Taiwan reports first domestic case of Delta Covid variant
People receive a Covid-19 rapid test at a testing centre in New Taipei, a city that is deeply affected by community transmissions, following a surge of domestic cases and deaths, in New Taipei, Taiwan, 2 June 2021.
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Taiwan reported its first domestically transmitted case of the highly contagious Delta variant of the coronavirus on Saturday, tightening controls in a southern part of the island where the cases have occurred.
Taiwan is battling a cluster of domestic infections, almost all of them due to the previously globally dominant Alpha variant, though numbers are steadying and the outbreak has been comparatively small.
Six people in Pingtung county had been confirmed to have the Delta variant, including two who returned this month from Peru, where they are suspected of bringing the infection from, said Health Minister Chen Shih-chung.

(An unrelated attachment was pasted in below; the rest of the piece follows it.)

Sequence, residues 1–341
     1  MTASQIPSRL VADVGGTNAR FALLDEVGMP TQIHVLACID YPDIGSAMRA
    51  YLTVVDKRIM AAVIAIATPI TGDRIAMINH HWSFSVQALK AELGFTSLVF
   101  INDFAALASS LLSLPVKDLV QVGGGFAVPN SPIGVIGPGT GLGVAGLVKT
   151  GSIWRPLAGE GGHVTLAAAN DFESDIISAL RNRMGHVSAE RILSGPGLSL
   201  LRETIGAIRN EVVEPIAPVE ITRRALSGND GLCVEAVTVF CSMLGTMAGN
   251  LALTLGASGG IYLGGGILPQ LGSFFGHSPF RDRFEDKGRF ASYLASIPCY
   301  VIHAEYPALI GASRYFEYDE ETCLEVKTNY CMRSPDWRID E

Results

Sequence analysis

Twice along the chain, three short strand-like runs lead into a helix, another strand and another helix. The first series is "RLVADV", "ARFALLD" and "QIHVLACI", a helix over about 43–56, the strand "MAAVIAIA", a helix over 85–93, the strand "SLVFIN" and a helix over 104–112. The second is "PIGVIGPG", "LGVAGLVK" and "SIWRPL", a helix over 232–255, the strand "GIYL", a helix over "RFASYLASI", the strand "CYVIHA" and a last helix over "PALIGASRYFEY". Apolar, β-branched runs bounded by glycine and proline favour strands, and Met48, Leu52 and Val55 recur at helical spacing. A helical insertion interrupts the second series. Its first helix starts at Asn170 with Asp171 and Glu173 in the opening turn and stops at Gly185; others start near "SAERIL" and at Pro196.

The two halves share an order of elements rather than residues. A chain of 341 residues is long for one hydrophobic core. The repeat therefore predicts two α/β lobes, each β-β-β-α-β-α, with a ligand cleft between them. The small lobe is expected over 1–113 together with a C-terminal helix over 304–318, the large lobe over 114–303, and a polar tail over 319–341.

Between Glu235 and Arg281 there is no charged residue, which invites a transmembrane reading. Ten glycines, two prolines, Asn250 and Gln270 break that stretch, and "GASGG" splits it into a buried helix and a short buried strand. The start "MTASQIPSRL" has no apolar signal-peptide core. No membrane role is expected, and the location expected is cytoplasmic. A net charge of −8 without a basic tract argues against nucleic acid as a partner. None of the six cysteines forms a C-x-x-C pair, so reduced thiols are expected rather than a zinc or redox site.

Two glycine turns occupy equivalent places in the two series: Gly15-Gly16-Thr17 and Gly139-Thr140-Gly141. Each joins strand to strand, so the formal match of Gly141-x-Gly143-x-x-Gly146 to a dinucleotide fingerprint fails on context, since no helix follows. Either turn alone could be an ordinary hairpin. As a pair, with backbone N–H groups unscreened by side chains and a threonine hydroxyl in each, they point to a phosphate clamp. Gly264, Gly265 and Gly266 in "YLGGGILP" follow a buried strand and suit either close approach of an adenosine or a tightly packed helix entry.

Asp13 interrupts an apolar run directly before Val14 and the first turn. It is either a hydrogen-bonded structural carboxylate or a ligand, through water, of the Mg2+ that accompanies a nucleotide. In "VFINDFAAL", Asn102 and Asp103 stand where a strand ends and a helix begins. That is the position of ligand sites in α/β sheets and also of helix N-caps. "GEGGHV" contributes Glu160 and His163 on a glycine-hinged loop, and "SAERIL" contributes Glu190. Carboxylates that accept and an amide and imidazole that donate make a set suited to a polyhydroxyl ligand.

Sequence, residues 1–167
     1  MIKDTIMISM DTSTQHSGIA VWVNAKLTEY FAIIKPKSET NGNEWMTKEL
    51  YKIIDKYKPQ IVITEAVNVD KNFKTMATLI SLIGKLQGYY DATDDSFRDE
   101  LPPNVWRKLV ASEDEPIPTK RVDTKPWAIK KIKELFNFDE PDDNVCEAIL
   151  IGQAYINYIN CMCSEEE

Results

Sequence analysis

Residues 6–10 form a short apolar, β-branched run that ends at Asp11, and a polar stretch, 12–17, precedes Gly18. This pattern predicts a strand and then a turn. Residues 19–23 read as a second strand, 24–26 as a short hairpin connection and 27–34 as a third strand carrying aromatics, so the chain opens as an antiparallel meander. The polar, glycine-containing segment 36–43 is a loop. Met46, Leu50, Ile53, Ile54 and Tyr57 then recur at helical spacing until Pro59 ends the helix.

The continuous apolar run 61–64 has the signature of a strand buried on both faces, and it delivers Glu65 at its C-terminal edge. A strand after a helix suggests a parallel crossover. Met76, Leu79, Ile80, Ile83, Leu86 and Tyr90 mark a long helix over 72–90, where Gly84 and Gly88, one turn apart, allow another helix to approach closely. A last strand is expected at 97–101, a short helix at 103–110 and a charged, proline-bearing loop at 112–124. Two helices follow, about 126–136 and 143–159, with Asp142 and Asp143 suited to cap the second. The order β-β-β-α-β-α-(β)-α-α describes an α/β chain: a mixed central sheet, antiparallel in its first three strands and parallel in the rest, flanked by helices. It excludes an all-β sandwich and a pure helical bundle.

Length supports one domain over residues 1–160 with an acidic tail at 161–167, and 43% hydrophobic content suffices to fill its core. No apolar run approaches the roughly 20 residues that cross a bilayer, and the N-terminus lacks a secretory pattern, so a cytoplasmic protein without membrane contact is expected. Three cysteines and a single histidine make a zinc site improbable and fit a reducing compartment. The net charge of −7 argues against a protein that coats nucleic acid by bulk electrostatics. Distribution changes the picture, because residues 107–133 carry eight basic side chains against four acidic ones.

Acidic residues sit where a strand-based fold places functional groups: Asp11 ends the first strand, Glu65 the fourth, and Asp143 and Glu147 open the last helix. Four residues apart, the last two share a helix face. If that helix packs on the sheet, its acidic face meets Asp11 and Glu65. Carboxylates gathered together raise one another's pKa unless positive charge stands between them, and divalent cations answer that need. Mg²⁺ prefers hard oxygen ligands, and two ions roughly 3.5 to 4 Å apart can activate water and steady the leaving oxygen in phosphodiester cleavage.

One of them has been classified as a domestic infection, rather than within the family who arrived from Peru.
The government is carrying out mass testing in the area where the cases were reported, quarantining all suspected contacts. It has ordered supermarkets, restaurants and wet markets closed for three days, Chen said.
“Now it has entered the community, and we are proactively working to contain it,” he said.
Taiwan had previously reported five cases, all imported, of the Delta variant, which was first detected in India.
From Sunday, the government will tighten border controls to keep out the variant, requiring arrivals from five countries, including Britain, to be placed in centralized quarantine facilities.
The Delta variant now comprises 96% of sequenced cases in Britain.
The broader picture of Taiwan’s Covid-19 outbreak continues to improve, with Chen announcing 78 new cases, up only slightly from 76 the previous day, though controls on gatherings and public events remain in place.
Taiwan’s tally of infections stands at 14,545 since the pandemic began, including 623 deaths.